Fell to the ground and doesn't move? Don't hear breathing? No heartbeat? All those have been "brought back to life" myriad times, so the legal/societal definition of "death" keeps getting its bar moved up. When scientists finally determine for certain as to where and how memories are stored, and what constitutes identity, I would not be surprised to see cryonic preservation of whatever those things are, become the standard medical practice. In other words, you would be malpracticing and breaking the law if you did not cryopreserve someone who met the criteria for not yet reaching information theoretic death. Not only that, future societies would be going against their mores and laws to not reanimate someone who could be with their current technologies. I don't see the future as bleak as Basie does.

FD
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Joined: October 2nd, 2004, 8:27 pm

September 24th, 2008, 2:52 am #8

The cheapest thing is this: wait for Jordan Sparks to open his cryonics non-profit. He was planning to offer a $10,000 human cryopreservation.

As for "different chemicals," people are working on discovering new ones.

IMO Canadian summers aren't cold enough even in yellowknife. And chemical preservations kill every cell. (I've yet to hear someone explain how these cells would be revived.)
You forget that the cells are already legally "dead". Whether fixation or cryopreservation chemicals are used on them, that is right - you have not seen how they will be revived, because the technology is not here yet.

Nor is Jordan Sparks' Oregon Cryonics. Somebody posted that his wife gave him an edict to choose between her and a cryonics business. Others have had such choices presented to them, and lost the wife. See the threads about hostile spouses. If this is the case with Jordan Sparks he would do well to enjoy the 20 years with his family, after which most marriages break up anyway, but the kids are gone on and life becomes good.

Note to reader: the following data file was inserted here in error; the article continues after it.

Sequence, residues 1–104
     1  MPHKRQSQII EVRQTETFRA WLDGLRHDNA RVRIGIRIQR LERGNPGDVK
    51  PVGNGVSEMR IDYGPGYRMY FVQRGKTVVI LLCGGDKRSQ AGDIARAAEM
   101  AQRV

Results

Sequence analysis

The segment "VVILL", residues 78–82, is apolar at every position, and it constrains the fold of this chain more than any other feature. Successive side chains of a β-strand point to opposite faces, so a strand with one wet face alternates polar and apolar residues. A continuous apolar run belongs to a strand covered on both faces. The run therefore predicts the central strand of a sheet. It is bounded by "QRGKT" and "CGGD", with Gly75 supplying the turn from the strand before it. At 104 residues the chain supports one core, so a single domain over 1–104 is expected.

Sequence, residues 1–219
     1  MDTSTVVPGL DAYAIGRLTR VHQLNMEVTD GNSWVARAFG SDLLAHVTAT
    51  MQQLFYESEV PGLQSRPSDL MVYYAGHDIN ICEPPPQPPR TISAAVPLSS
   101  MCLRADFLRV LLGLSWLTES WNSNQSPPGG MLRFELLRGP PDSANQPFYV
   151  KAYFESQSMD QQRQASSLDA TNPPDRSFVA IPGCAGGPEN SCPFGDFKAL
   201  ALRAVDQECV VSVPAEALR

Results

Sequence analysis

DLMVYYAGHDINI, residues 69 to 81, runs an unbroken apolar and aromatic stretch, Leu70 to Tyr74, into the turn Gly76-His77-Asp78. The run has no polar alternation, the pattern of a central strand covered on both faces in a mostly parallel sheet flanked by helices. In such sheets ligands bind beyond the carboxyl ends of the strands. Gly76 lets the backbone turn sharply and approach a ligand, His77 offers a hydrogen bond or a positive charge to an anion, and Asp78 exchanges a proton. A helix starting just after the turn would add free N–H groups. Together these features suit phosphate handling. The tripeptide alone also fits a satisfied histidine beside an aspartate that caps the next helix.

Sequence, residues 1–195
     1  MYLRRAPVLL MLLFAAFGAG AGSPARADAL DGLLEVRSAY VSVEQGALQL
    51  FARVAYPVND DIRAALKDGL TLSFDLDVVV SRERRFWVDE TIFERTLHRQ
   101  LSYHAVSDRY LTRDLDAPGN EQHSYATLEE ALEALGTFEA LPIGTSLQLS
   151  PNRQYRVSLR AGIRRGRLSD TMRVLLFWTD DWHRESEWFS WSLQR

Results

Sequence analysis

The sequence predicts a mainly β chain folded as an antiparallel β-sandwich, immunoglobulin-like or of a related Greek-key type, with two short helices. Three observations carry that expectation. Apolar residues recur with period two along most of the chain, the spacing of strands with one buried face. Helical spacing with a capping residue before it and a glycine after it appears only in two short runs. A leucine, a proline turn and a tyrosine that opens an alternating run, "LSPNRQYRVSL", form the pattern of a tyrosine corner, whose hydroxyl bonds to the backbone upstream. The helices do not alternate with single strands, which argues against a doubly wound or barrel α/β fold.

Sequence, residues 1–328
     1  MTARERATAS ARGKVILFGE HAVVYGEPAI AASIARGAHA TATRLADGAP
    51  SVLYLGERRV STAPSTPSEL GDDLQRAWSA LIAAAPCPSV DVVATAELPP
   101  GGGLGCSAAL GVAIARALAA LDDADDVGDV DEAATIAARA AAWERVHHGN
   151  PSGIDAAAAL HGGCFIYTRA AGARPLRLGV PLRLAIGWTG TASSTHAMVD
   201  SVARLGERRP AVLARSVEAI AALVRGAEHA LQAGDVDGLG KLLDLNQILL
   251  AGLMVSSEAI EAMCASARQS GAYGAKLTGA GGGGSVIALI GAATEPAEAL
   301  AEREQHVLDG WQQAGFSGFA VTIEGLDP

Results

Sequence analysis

So you could very well wait 20 years for Jordan, but of course I cannot speak for him.

FD
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Joined: March 3rd, 2005, 2:52 am

September 24th, 2008, 4:28 am #9

As Tom Leykis advocates: Don't get married. Don't father children. Treat women like sexual temp workers.

Then you can live pretty much the way you want without having to put up with women's selfishness, and you can keep more of your money.
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Joined: September 24th, 2008, 4:25 am

September 24th, 2008, 4:53 am #10

I don't exactly see billions of people signing up for cryonics yet.

Maybe revive you for colonization or just basic human kindness? With the numbers being so low thus far maybe even as a historical curiosity.

Even with your doubts of why you do you not think your chances are better if you are preserved over regular burial or cremation? As it's our lives we're talking about I feel that's worth it even with the risk of never being revived.
Basie: "chemical preservations kills every cell. So do cryoprotectants."

That's wrong: cryoprotectants cause serious damage but have "low" cell death:

"[Propane-1,2-diol] is a useful biological vitrifying agent but, although of relatively low toxicity, it still has substantial damaging effects on cells."
-- http://www.ncbi.nlm.nih.gov/pubmed/18160065

"Ethylene glycol itself has low systemic toxicity."
-- http://www.benbest.com/cryonics/viable.html

Basie: "There are no live cells."

Human cells can survive being cooled & revived: for example human embryos. A cooled cell isn't a dead cell.

The real issue is toxicity.